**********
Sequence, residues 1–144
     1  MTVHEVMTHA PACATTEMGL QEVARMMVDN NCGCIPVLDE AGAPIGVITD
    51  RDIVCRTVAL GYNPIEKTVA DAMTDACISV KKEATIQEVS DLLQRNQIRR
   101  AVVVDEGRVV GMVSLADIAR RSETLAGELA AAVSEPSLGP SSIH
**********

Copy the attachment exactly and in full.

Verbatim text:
Sequence, residues 1–144
     1  MTVHEVMTHA PACATTEMGL QEVARMMVDN NCGCIPVLDE AGAPIGVITD
    51  RDIVCRTVAL GYNPIEKTVA DAMTDACISV KKEATIQEVS DLLQRNQIRR
   101  AVVVDEGRVV GMVSLADIAR RSETLAGELA AAVSEPSLGP SSIH